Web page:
“Ah! and drift whither?”
Beatrice smiled so genially as she answered, that the other had no excuse for taking offence.
“Well, it might be better not to answer that.”
Lady Torridon looked at her with an impassive face.
“To hell, then?” she said.
“Well, yes: to hell,” said Beatrice.
There was a profound silence; broken by the stifled merriment of a servant behind the chairs, who transformed it hastily into a cough. Sir James glanced across in great distress at his son; but Chris’ eyes twinkled at him.
Lady Torridon was silent a moment, completely taken aback by the suddenness with which the battle had broken, and amazed by the girl’s audacity. She herself was accustomed to use brutality, but not to meet it. She laid her spoon carefully down.
“Ah!” she said, “and you believe that? And for those who hold wrong opinions, I suppose you would believe the same?”
“If they were wrong enough,” said Beatrice, “and through their fault. Surely we are taught to believe that, Mistress Torridon?”
The elder woman said nothing at all, and went on with her soup. Her silence was almost more formidable than her speech, and she knew that, and contrived to make it offensive. Beatrice paid no sort of attention to it, however; and without looking at her again began to talk cheerfully to Sir James about her journey from town. Margaret watched her, fascinated; her sedate beautiful face, her lace and jewels, her white fingers, long and straight, that seemed to endorse the impression of strength that her carriage and manner of speaking suggested; as one might watch a swordsman between the rounds of a duel and calculate his chances. She knew very well that her mother would not take her first repulse easily; and waited in anxiety for the next clash of swords.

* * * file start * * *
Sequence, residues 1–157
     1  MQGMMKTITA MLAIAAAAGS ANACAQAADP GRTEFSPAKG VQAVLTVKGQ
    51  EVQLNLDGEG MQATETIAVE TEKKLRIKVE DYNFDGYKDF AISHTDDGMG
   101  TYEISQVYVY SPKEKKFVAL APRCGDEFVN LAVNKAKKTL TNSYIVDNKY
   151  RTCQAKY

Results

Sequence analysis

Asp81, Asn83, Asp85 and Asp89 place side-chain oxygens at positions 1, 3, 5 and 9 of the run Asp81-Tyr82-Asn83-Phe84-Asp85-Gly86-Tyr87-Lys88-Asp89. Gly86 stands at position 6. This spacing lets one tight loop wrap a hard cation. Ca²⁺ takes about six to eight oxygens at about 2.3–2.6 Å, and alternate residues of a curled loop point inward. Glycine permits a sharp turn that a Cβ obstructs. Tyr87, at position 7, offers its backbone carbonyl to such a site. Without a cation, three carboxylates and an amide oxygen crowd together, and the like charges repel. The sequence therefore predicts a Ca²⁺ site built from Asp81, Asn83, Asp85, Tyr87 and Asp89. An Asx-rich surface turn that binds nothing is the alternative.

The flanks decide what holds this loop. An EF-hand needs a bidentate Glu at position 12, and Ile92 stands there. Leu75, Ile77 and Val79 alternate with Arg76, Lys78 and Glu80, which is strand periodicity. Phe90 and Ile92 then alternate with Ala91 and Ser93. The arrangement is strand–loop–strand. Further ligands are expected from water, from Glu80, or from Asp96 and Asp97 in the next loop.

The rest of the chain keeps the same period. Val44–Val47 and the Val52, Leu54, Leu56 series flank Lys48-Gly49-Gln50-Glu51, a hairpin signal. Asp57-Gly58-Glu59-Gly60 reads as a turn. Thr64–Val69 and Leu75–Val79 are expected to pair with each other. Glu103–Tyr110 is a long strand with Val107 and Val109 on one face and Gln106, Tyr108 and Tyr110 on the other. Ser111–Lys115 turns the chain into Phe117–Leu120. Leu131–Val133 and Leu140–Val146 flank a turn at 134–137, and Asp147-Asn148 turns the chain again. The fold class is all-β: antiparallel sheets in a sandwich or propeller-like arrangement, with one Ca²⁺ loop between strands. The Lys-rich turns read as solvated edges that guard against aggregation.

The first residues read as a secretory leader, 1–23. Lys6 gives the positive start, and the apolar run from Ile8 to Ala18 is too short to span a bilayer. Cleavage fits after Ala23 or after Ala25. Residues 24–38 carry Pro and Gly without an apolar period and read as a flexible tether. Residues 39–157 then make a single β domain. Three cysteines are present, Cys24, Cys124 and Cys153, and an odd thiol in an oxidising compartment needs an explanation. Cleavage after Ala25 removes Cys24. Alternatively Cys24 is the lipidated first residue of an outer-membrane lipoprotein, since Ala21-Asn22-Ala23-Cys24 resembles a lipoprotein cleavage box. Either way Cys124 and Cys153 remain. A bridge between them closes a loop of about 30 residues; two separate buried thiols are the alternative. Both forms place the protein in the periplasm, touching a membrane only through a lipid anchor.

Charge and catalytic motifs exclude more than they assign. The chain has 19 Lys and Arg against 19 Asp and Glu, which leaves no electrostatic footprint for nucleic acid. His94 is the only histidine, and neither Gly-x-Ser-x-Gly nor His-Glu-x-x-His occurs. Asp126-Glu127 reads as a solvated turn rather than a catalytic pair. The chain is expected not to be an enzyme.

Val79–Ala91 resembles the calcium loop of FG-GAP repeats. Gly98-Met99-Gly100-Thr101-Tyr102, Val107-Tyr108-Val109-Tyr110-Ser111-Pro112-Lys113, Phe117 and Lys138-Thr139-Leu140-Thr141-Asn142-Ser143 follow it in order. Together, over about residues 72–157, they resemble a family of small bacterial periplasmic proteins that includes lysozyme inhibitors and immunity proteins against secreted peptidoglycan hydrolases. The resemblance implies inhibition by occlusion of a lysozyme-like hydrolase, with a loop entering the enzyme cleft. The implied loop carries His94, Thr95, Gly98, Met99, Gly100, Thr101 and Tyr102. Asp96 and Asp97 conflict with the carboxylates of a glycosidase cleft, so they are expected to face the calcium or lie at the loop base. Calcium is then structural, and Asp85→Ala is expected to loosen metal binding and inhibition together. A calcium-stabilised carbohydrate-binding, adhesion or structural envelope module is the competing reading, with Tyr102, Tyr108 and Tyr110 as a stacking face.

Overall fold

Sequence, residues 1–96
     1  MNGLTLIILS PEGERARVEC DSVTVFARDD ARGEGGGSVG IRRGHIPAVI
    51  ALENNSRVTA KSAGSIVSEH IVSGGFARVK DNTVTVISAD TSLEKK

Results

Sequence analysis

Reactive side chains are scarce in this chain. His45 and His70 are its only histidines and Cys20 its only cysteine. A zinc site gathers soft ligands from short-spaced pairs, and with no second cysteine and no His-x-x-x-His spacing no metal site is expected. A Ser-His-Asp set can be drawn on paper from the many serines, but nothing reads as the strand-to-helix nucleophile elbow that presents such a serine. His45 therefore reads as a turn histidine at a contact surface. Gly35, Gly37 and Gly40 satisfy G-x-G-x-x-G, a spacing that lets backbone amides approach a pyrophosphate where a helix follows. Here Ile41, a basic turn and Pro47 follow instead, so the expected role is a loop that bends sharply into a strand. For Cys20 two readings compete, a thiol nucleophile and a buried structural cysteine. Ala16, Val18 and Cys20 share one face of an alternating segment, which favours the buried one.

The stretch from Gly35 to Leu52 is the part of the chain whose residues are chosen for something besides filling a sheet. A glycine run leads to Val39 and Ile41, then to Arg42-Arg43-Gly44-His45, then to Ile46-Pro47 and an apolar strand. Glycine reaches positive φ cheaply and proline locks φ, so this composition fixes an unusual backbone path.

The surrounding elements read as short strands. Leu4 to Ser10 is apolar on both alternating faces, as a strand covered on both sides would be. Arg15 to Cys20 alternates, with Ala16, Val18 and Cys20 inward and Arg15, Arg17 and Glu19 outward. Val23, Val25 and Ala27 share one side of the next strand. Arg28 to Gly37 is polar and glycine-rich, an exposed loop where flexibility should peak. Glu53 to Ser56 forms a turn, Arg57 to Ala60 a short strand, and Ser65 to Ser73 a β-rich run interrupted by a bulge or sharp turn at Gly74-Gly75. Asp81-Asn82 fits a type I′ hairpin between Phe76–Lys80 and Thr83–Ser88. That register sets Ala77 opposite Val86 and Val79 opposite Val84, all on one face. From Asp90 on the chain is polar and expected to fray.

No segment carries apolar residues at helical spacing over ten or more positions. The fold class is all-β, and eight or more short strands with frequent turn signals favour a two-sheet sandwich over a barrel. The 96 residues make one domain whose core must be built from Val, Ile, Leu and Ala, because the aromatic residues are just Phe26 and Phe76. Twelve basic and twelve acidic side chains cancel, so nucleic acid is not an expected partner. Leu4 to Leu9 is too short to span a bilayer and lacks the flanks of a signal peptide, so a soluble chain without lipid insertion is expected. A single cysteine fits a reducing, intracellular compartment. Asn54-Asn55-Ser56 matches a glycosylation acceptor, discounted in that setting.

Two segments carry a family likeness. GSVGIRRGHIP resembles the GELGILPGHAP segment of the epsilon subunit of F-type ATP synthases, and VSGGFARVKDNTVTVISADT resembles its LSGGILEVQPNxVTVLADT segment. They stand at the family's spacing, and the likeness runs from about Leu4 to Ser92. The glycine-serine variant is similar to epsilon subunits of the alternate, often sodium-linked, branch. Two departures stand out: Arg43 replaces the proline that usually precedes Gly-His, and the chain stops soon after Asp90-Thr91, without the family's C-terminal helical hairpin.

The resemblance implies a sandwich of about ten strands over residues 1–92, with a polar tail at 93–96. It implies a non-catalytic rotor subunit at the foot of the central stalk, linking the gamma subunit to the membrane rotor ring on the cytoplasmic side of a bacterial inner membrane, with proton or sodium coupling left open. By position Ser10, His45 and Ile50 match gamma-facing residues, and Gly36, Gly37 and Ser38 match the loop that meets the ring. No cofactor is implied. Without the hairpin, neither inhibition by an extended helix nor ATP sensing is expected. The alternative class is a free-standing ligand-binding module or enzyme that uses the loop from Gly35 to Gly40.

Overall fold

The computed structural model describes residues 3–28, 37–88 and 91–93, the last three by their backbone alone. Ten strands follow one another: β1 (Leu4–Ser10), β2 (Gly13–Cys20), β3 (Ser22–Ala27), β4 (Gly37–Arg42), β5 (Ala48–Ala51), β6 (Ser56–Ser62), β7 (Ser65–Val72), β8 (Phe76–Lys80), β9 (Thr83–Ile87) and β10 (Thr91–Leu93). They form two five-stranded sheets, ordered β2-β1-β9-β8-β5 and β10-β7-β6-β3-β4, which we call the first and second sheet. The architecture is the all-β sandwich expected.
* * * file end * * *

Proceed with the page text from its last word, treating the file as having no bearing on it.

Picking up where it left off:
Beatrice seemed perfectly fearless, and was talking about the King with complete freedom, and yet with a certain discretion too.
“He will have his way,” she said. “Who can doubt that?”
Lady Torridon saw an opening for a wound, and leapt at it.
“As he had with Master More,” she put in.
Beatrice turned her head a little, but made no answer; and there was not the shadow of wincing on her steady face.
“As he had with Master More,” said Lady Torridon a little louder.
“We must remember that he has my Lord Cromwell to help him,” observed Beatrice tranquilly.
Lady Torridon looked at her again. Even now she could scarcely believe that this stranger could treat her with such a supreme indifference. And there was a further sting, too, in the girl’s answer, for all there understood the reference to Ralph; and yet again it was impossible to take offence.
Margaret looked at her father, half-frightened, and saw again a look of anxiety in his eyes; he was crumbling his bread nervously as he answered Beatrice.